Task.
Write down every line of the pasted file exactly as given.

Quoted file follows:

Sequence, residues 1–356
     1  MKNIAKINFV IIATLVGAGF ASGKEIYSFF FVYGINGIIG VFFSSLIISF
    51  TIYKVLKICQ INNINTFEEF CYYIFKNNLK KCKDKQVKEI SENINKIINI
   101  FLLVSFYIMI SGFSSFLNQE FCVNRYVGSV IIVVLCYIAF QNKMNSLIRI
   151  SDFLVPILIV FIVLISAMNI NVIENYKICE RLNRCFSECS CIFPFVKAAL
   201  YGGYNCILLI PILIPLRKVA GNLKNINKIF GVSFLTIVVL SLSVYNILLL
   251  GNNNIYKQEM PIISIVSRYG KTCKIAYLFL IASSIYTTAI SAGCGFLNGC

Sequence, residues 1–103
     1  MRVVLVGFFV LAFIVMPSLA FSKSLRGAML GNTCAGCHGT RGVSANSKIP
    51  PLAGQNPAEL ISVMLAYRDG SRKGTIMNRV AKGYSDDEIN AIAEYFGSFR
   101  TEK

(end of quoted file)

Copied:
Sequence, residues 1–356
     1  MKNIAKINFV IIATLVGAGF ASGKEIYSFF FVYGINGIIG VFFSSLIISF
    51  TIYKVLKICQ INNINTFEEF CYYIFKNNLK KCKDKQVKEI SENINKIINI
   101  FLLVSFYIMI SGFSSFLNQE FCVNRYVGSV IIVVLCYIAF QNKMNSLIRI
   151  SDFLVPILIV FIVLISAMNI NVIENYKICE RLNRCFSECS CIFPFVKAAL
   201  YGGYNCILLI PILIPLRKVA GNLKNINKIF GVSFLTIVVL SLSVYNILLL
   251  GNNNIYKQEM PIISIVSRYG KTCKIAYLFL IASSIYTTAI SAGCGFLNGC

Sequence, residues 1–103
     1  MRVVLVGFFV LAFIVMPSLA FSKSLRGAML GNTCAGCHGT RGVSANSKIP
    51  PLAGQNPAEL ISVMLAYRDG SRKGTIMNRV AKGYSDDEIN AIAEYFGSFR
   101  TEK